That is, we will as long as credit spreads are tight enough that fracking is economically viable.

This creates a fascinating inversion of the run-up to the crisis. In the mid-2000s, high oil prices didn’t exert the expected negative effect on consumer spending. Normally, an increase in gas prices is a tax on consumption — statistically, US oil consumers’ price elasticity with respect to changes in oil prices is around -0.06 (i.e. it takes a 16% change in oil prices to produce a 1% decrease in short-term consumption — an orders of magnitude lower sensitivity than we see with things like food products). So typically, a rise in oil prices should produce a drop in the consumption of other goods and services. In the mid-2000s, it didn’t.

The reason for this was that high oil prices increased exporters’ surpluses, but most of the exporters didn’t allow their currencies to appreciate in response. Instead, they accumulated dollars, sold some to diversify their currency exposure, and invested the remainder in higher-return assets. At the time, the best way to juice one’s dollar returns at low risk was to invest in mortgage-backed securities.

And this was also the era of high real estate prices and mass refinancing. (As I noted in my mortgages piece, US consumer cashed out $966bn from 2004–2007 — the total increase in US consumer spending over the same period was around double that, i.e. about half of all incremental consumer spending growth was from people using their houses as ATMs) For a while, the following conditions held:

  1. Housing prices were highly responsive to incremental capital flowing into mortgages.
  2. Capital from oil exporters flowed into mortgages (and also into other forms of less-than-riskless debt, such as the debt underpinning large leveraged buyouts).
  3. US consumers were, in the aggregate, willing to smooth consumption by monetizing their home equity — the wealth effect from real estate appreciation offset the spending drag from gas prices — so
  4. Higher oil prices didn’t slow consumption — they just lowered credit spreads and thus raised leverage, and the resulting gusher of liquidity actually raised consumption.[3]

Now, we see the same forces, with the causation reversed:

  1. Low credit spreads lower the duration of oil investments in the US, increasing the elasticity with respect to price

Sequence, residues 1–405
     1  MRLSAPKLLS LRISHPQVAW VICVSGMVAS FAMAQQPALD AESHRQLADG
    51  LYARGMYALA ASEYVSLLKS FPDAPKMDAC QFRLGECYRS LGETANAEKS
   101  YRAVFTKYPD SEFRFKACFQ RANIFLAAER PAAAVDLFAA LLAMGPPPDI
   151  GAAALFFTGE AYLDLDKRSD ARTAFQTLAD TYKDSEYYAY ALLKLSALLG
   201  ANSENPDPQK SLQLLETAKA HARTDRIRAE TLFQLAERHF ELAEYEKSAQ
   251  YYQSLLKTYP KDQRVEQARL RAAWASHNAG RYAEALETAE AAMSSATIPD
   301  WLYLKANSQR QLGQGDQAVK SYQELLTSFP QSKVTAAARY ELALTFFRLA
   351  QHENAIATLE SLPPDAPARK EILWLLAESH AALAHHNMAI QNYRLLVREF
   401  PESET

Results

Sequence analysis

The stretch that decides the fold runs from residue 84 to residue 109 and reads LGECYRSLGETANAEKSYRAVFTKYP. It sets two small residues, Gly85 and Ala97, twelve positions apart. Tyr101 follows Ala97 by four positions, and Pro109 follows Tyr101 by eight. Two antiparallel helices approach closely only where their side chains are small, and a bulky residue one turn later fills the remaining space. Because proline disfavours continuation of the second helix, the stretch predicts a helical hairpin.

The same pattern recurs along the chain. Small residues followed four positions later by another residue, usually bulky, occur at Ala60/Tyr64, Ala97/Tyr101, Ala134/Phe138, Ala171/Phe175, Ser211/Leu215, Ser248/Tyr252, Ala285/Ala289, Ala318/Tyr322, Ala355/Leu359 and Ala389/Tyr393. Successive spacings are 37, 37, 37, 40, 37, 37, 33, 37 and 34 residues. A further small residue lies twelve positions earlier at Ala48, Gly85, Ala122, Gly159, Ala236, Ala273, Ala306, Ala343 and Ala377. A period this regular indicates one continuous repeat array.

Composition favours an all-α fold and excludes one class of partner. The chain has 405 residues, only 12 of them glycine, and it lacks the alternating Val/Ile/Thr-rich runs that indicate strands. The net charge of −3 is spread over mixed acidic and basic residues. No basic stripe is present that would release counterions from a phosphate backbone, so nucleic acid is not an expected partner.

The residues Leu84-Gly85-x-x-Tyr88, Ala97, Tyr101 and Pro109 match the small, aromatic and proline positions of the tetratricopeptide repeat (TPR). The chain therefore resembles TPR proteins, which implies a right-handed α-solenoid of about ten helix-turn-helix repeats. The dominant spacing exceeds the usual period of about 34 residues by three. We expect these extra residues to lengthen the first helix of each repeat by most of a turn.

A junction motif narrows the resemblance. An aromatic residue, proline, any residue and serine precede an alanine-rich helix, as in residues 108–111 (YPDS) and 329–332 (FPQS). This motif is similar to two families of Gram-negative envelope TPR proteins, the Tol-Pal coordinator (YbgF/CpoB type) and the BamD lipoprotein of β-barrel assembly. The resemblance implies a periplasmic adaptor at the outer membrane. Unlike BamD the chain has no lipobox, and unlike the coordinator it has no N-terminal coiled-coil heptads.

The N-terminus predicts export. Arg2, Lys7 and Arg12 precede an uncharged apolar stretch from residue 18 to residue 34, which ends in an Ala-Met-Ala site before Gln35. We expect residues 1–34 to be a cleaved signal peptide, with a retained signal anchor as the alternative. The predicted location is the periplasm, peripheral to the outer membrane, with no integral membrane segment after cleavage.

2. So higher oil demand quickly matches supply, keeping economic growth stable
  3. Stable economic growth leads to more willingness to take risks, increasing investors’ willingness to buy high-yield debt
  4. The combination of US production offsetting consumption, and higher demand for USD-denominated corporate debt, puts upward pressure on the dollar, giving the Fed more flexibility

Or, put another way, the old paradigm:


There’s a counterargument about energy independence and its impact on the US balance of trade, best articulated here. It holds that since higher oil exports will raise the dollar, they’ll hurt other exports and benefit other imports. In other words, it assumes that the US propensity to save less than we invest, such that foreign exporters make up the difference, is the real driver of our deficit. But surely, petrodollar recycling is one of the drivers of that gap. Even if oil exports per se don’t lower our deficit long-term, fewer dollars in the hands of countries that accumulate American assets should.

While the US trade deficit’s sensitivity to oil exports isn’t 1:1, it isn’t zero, either. In the current status quo, fracking means that the marginal impact of higher energy prices should not flow directly into higher deficits; by moving oil production back to the US, and shortening the duration of oil investments, we’ve tamed that beast.

But just like in the mid-2000s, it’s a status quo that works until it doesn’t.

What could break the cycle? There are a few candidates:

We haven’t had a real test of how the current economy would respond to a sustained increase in both rates and credit spreads, much less a decline in fracking output. The last time credit spreads blew out, frackers were the culprit: when oil prices collapsed from late 2014 through early 2016, there was a wave of bankruptcies across the energy sector — but the drop in oil prices was a dividend for consumers, who responded by spending it.

The Financial Theory of Oil

It doesn’t make sense to talk about oil price without talking about volatility as well. I recommend Crude Volatility for a great historical overview, coupled with some theory.